Ep. 12 Hélène Barnekow headshot on Decoding Digital podcast

Decoding Values-Based Leadership: Hélène Barnekow on Empathy

Decoding Values-Based Leadership: Hélène Barnekow on Empathy

40 min

Ep. 12 Hélène Barnekow headshot on Decoding Digital podcast

40 min

Many companies talk about values, but what does it mean to actually create a values-based organization? For Hélène Barnekow, the answer is simple: Leaders must commit to living the values everyday at work. In this episode, hear Hélène talk about company culture, how to cultivate a growth mindset, and why we need a sense of urgency in how we adopt technology.

Read transcript

“There are too many companies who talk about that purpose. They talk about their sustainability goals and their diversity, and then they don't live it. The first thing is that you have to look at yourself and your leadership team and say, 'What do we stand for?’"

Quick takes on...

Why Building Brand Trust Is Important

"I think companies of the future need to be super magnets. They need to attract talent, to attract customers. They need to attract customer companies who want to be partners with them, and they need to attract stakeholders. I think this is why trust is so important in a company."

Technology Adoption

"I think we need to have a sense of urgency in how we adopt technology. And that's not for the sake of the tech companies, but all the opportunities that are all the new possibilities you have by adopting tech. Whether it is improving the way you work, or creating more flexibility for your employees, or how you improve your products, we cannot optimize any of that without making use of technology."

Diversity and Inclusion

"If employees are going to have an impact on this world, what do they need? And what are those things that make them feel good about themselves? Be part of it. And this is where you end up from my perspective focusing on diversity and inclusion. To me, it is such an important value to stand for these things."

Meet your guest, Hélène Barnekow


Hélène Barnekow spotlight on Decoding Digital podcast

Hélène joined Microsoft as CEO of Microsoft Sweden in 2018. Before Microsoft, Hélène was CEO of Telia Company, where she was helped to transform Telia Company into a next generation telecom company.

Before Telia Company, Hélène was the Head of Worldwide Field & Partner Marketing at EMC in Boston, where she honed her skills in commercial management and marketing, including branding, communications, product management, channel management, and go-to-market strategies in the communications and IT sectors.

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Ep. 13 René Obermann headshot on Decoding Digital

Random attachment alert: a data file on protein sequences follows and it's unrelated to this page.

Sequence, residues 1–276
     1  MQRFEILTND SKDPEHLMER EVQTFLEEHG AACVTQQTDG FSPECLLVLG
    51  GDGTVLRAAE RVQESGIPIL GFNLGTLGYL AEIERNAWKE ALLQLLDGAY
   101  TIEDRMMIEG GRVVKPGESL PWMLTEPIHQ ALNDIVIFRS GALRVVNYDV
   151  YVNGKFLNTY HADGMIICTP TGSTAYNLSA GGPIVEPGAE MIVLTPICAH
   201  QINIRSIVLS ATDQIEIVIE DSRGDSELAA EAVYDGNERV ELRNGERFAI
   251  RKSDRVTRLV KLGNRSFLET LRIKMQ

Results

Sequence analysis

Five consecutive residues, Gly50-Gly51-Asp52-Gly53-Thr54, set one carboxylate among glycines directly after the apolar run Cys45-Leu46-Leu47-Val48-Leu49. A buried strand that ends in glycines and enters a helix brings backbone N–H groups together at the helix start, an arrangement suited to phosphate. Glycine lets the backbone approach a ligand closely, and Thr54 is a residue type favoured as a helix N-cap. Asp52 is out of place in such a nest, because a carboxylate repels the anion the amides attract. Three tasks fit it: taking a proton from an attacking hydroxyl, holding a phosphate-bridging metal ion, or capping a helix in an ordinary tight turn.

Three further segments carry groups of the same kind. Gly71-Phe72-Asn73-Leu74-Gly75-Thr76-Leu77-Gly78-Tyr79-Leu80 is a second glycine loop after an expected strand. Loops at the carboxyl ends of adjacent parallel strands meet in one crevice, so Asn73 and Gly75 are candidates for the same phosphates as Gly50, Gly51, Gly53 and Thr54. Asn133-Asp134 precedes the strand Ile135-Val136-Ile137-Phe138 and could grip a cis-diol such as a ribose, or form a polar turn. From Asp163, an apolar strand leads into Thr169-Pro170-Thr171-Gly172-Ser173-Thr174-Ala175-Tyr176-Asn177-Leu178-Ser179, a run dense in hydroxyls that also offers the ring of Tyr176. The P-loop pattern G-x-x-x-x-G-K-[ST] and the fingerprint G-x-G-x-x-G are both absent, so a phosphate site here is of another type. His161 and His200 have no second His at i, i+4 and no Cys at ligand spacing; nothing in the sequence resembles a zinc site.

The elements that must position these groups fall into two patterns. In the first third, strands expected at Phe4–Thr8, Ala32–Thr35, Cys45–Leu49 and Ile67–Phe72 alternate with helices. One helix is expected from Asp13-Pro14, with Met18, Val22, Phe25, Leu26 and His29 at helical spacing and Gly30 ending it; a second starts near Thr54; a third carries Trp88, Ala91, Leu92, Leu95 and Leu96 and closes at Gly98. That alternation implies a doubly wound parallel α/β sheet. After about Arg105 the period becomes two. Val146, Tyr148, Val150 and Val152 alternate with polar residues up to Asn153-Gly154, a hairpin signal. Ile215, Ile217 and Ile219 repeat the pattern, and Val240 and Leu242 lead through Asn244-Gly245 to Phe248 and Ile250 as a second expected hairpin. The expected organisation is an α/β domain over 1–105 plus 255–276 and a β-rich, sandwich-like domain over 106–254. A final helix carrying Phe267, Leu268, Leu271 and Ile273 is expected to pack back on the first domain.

Decoding Digital Transformation: René Obermann on Driving Change


37 min

Change is rarely easy, especially at large, global enterprise companies. It’s a lesson that René Obermann—the former CEO of German telecom giant Deutsche Telekom—learned first hand. In this episode, hear how René was able to gain alignment across tens of thousands of employees and transform the organization to become a digital leader in the telecom sector.

Episode transcript

Helene Barnekow:  [0:06] I think for you…

Helene Barnekow:  [0:06] I think for you to really live that you have to have leaders who want to live it. You cannot say it. There are too many companies who talk about that purpose. They talk about their sustainability goals and their diversity, and then they don't live it.

[0:20] The first thing is that you have to look at yourself and your leadership team and say, "What do we stand for? Are we prepared to live accordingly?"

Dan Saks:  [0:29] That's Helene Barnekow, CEO of Microsoft Sweden and one of the most accomplished women working in technology today. Over more than two decades, Helene has led companies like EMC, Ericsson, and Telia Company into the cloud age.

[0:45] Along the way, she's discovered the importance of leading with transparency and empathy, inspiring her to write the book "Re:start Value-Based Leadership in a Changing World."

[0:57] In this episode, Helene explores resilience, how to stay curious, and why it's so important for leaders to follow through on what they say they're going to do. This is Daniel Saks, co-CEO of AppDirect, and it's time to decode values-based leadership.

[1:18] Welcome to "Decoding Digital," a podcast for innovators looking to thrive in the digital economy. I'm your host, Daniel Saks, and I'll sit down with other founders, CEOs, and changemakers to decode the trends that are transforming the way we work. Let's decode.

[1:35] [pause]

Dan:  [1:41] Helene, welcome to the show.

Helene:  [1:43] Hey, Daniel. Thank you. Great to be here.

Dan:  [1:45] It's a pleasure to speak with you. I believe the last time we connected, we were in Stureplan in Stockholm, enjoying the beautiful outdoors in your garden, which may be more restrictive today.

Helene:  [1:57] That's true. That feels like a long time ago, what we could do those things. Let's hope we can do that soon again.

Dan:  [2:03] Exactly. You sit in the intersection of telecom and technology. You've seen incredible waves of change happen over the last decade but more particularly this year. I'd love to get your perspective of how each industry is tackling the challenges of today.